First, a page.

FAPESP and the Sustainable Development Goals

Mites in stingless bee colonies increase bee survival rates even in the presence of insecticide

Mites in stingless bee colonies increase bee survival rates even in the presence of insecticide

The study by Brazilian researchers showed that the microscopic arachnids rid stingless bee colonies of excessive fungi and serve as food for the larvae of these honey-making insects (photo: Demeter/Wikimedia Commons)

Published on 07/03/2023

By André Julião  |  Agência FAPESP – According to an article published in Scientific Reports on a study supported by FAPESP and conducted by researchers at São Paulo State University (UNESP) and the Federal University of São Carlos (UFSCar) in Brazil, mites living in stingless bee colonies favor the survival of up to 69% of bee larvae and 87% of juveniles in the presence of thiamethoxam, a pesticide widely used in Brazil and banned in the European Union (EU), although Brazilian farmers import it from European countries.

In trials without exposure to insecticides, survival rates were as high as 96% when mites were present and as low as 24%-63% without mites. Generally speaking, the study showed that the presence of the mite Proctotydaeus (Neotydeolus) alvearii, which specializes in stingless bee colonies, increased the survival of larvae by a factor of 2.3 without thiamethoxam and 1.9 when the insecticide was present.

The results open a door to the creation of biological solutions to prevent the death of bees, and to future trials to measure the effects of pesticides on stingless bee species. “To begin with, we didn’t even know whether mites were good or bad for bees. There wasn’t any research on the subject. Our study showed mites help bees by eating fungi, which would probably grow too much and suffocate the bees, and also by themselves serving as food for bee larvae,” said Annelise Rosa-Fontana, who conducted the research while she was a postdoctoral fellow at UNESP’s Rio Claro Institute of Biosciences (IBRC) in with a scholarship from FAPESP

“When mites were present, in trials both with and without the insecticide, we also observed that the bees developed more successfully. Their heads and bodies were significantly larger than in the absence of mites,” said Adna Dorigo, co-first author of the article with Rosa-Fontana. The study was part of Dorigo’s master’s and PhD research at IBRC-UNESP.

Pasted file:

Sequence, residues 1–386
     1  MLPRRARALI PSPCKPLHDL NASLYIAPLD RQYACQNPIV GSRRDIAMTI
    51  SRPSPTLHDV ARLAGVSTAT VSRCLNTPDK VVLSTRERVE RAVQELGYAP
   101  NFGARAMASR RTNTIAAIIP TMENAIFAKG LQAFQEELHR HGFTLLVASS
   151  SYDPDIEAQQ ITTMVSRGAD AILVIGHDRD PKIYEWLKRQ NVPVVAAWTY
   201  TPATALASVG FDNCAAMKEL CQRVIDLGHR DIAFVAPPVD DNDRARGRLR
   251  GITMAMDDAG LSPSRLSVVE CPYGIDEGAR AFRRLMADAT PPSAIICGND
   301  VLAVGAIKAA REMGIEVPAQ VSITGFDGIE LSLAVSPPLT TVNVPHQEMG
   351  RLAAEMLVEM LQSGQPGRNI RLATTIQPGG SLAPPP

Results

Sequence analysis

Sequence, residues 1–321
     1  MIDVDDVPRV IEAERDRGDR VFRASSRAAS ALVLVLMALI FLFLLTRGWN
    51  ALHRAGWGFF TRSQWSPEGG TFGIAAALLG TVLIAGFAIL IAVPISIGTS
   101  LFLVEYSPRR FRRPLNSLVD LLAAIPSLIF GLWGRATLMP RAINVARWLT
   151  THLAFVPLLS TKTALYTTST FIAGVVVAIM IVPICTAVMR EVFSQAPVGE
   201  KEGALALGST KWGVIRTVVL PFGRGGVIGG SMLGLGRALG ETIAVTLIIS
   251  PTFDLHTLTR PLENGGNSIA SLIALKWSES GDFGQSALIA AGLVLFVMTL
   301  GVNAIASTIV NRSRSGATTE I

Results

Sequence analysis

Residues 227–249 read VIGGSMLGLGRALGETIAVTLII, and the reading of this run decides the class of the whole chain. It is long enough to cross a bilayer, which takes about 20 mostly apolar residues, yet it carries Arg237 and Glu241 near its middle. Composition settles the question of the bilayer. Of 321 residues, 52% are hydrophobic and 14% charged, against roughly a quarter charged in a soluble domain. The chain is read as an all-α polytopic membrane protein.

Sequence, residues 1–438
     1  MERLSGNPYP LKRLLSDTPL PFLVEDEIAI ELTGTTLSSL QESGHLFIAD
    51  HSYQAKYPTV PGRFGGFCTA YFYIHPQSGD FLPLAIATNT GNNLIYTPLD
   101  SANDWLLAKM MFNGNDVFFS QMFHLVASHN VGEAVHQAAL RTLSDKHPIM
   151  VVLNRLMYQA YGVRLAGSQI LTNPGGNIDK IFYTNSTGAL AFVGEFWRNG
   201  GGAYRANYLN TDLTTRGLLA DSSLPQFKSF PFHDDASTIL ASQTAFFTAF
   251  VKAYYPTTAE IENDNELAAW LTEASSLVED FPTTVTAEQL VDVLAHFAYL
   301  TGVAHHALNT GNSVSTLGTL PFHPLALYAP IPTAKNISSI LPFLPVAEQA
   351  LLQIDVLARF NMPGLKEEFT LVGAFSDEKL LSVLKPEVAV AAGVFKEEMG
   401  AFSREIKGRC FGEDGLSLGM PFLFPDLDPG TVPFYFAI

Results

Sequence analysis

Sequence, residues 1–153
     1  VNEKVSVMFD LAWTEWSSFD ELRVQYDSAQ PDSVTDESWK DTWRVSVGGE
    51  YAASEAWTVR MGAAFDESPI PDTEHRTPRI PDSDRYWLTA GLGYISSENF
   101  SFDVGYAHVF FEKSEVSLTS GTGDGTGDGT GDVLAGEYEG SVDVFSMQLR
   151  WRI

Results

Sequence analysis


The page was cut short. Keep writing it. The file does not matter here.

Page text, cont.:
The mites probably serve as protein sources for bee larvae when they reach the end of their lives. The researchers observed that mite eggs but no mites were left in the last days of the larval stage, which suggested that the adults were eaten by the larvae.

Before they were detected in colonies of the stingless bee Scaptotrigona postica, the mites in question had been recorded in colonies of other stingless bee species. Described in 1985, the species is totally dependent on this environment, just as other mites specialize in a wide array of other niches (read more at: revistapesquisa.fapesp.br/en/a-zoo-among-the-feathers/). 

Risk protocols

Stingless bees are being studied for inclusion in insecticide toxicity trials in the Neotropics, including Brazil. Such trials are required by IBAMA, Brazil’s environment agency, before it approves pesticides. The usual model for these trials has long been the so-called Africanized honeybee, a type of Apis mellifera that originated in accidental crossbreeding of the East African lowland honeybee with European bee species, but Brazil has some 3,000 bee species, about 300 of which are stingless.

Bees are important pollinators of both native plants and crops. They may die or lose the way back to their nests when exposed to pesticides (read more at: agencia.fapesp.br/38915). 

Understanding the relationships between crops, pesticides and these insects is the focus of the project Bee-agriculture interactions: perspectives for sustainable use, funded by FAPESP and led by Osmar Malaspina, a professor at IBRC-UNESP.

One of the co-principal investigators for the project is Roberta Nocelli, a professor at UFSCar’s Center for Agrarian Sciences (CCA) and a co-author of the article on the study, one of many conducted under the aegis of the project.

“Our laboratory plays a key role in establishing risk assessment protocols for use by policymakers,” said Malaspina, last author of the article. “Bees are essential to ecosystems and agriculture. We must all do everything we can to protect them.”

Another important contribution of the study is to nature-based solutions. Products inspired by the findings could be distributed free of charge to producers of honey from stingless bees (meliponiculturists) or developed by innovative startups. 

Education and training is also a key component. Rosa-Fontana is currently a researcher at Complutense University of Madrid (UCM) in Spain. In February, she was awarded a postdoctoral fellowship from Marie Sklodowska-Curie Actions (MSCA), EU’s flagship research funding program for doctoral education and postdoctoral training, and one of the world’s most competitive and prestigious programs of the kind. The fellowship is worth 172,000 euros for investment into research on molecular tools for bee-pesticide risk assessment.

When Dorigo completed her PhD, she was taken on by Eurofins Agroscience Services, a global leader in pesticide toxicology studies. She is currently a researcher and director of studies at UNESP.

The article “Fungivorous mites enhance the survivorship and development of stingless bees even when exposed to pesticides” is at: www.nature.com/articles/s41598-022-25482-x


Source: https://agencia.fapesp.br/41804